On January 14, as Brad Chacos so perfectly put it for PC World, “a Washington appeals court ruled that the FCC’s net neutrality rules are invalid in an 81-page document that included talk about cat videos on YouTube.” Reactions have been varied. Joe Carter recently surveyed various arguments in his latest explainer. For my part, I recommend the German, ordoliberal economist Walter Eucken as a guide for evaluating net neutrality, which as Joe Carter put it, “[a]t its simplest … is the idea that all Internet traffic should be treated equally and that every website … should all be treated the same when it comes to giving users the bandwidth to reach the internet-connected services they prefer.” (more…)
The editors of PC World magazine have done a little survey of how users around the world access the Internet, based on the responses of over 60 worldwide publications that “either carry the PC World name or are associated with us in some way.”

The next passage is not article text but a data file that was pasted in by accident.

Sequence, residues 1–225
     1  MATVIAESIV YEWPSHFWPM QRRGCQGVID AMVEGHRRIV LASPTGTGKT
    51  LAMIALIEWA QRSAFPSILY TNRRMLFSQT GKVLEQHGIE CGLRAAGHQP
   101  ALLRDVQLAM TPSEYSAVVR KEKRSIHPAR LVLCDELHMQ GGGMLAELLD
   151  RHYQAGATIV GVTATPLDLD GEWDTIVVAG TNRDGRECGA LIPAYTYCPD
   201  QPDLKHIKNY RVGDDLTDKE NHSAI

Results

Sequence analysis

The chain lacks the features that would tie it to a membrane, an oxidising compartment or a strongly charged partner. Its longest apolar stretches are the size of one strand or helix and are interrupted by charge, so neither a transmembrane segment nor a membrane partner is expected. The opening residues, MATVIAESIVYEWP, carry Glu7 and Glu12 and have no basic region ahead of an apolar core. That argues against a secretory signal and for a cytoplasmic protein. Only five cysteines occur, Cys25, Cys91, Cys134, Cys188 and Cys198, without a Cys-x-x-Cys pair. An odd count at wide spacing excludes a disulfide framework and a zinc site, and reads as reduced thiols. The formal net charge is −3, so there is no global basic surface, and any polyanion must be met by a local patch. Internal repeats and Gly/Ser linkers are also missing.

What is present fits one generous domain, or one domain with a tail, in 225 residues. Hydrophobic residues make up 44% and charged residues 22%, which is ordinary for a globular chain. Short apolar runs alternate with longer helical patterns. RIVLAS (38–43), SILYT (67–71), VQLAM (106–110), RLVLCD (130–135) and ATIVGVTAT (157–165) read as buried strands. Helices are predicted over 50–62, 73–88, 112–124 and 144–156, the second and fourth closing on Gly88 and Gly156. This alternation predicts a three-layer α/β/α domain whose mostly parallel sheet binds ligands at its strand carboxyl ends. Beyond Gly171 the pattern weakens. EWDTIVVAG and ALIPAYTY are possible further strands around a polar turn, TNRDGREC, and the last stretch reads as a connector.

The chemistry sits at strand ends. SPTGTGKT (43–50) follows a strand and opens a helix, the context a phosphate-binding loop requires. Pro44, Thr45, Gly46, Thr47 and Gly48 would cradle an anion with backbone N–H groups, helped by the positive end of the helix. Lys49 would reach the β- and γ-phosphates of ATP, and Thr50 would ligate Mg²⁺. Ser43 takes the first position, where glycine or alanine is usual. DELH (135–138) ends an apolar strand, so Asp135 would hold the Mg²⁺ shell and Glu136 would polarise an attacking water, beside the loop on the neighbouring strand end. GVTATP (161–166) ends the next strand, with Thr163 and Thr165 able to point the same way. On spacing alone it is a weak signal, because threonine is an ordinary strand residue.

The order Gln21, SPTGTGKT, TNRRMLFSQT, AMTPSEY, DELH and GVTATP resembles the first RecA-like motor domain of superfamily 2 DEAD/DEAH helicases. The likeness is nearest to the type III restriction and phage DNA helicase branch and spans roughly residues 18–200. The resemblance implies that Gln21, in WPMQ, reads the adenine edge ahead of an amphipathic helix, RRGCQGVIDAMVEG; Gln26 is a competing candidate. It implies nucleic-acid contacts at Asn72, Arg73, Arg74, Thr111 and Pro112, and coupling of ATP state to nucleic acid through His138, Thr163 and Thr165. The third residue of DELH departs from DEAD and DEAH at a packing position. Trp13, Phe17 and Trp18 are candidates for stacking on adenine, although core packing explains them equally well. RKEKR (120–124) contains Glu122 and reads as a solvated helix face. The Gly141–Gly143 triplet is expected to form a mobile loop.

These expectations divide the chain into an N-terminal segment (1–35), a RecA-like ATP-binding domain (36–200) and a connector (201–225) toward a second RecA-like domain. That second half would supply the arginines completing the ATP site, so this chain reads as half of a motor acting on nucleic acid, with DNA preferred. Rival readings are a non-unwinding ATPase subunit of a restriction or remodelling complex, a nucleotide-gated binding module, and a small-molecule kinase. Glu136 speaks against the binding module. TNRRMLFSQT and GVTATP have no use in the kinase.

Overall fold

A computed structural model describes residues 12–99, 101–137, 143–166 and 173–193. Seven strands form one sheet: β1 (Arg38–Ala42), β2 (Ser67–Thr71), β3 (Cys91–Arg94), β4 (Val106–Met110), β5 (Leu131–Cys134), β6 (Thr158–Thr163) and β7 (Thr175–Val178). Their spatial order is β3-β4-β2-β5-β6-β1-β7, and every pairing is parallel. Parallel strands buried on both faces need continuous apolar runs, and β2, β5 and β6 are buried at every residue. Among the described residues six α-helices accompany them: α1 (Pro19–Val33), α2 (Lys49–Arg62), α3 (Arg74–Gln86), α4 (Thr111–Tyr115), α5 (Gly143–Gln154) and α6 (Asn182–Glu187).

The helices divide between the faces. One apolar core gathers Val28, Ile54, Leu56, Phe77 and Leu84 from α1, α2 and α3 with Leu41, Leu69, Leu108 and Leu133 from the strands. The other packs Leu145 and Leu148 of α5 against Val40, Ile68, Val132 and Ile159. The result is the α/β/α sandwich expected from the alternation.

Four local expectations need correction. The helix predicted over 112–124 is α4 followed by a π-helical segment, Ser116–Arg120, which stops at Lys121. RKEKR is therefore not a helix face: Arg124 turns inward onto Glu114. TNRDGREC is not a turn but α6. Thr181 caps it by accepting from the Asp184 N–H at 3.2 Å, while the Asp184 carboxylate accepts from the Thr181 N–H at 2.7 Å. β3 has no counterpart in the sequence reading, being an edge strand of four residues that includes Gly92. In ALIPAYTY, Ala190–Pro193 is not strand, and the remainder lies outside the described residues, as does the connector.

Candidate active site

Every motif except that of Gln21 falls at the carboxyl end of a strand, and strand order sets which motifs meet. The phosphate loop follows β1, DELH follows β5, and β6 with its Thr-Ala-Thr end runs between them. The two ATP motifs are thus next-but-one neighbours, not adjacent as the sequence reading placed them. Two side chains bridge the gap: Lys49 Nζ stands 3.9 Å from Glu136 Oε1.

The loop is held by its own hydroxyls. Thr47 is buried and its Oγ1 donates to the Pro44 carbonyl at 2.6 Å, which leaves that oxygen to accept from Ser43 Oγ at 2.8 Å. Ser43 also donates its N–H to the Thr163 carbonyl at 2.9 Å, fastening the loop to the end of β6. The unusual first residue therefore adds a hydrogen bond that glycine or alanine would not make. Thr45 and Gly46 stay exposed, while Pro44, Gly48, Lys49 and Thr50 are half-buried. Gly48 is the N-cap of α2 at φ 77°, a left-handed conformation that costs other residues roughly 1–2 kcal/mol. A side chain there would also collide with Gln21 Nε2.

You can check out the piece here. Here’s a brief summary of some of the interesting findings:
Our colleagues report that many countries are substantially ahead of the United States in many respects.
For example, in the United Kingdom, you can buy DSL service with a download speed of up to 24 megabits per second. In Denmark, some people have fiber-optic connections as fast as 100 mbps. And in Italy and Spain, broadband service is cheap, and dial-up service is free (except for the cost of the local call).
Also in Denmark, “Broadband over Power Line (BPL) is available in some regions.” Check out the rest of the article for more information on specific countires. The article also links to this Wikipedia entry for more information on the rest of the world’s nations that aren’t dealt with in the article.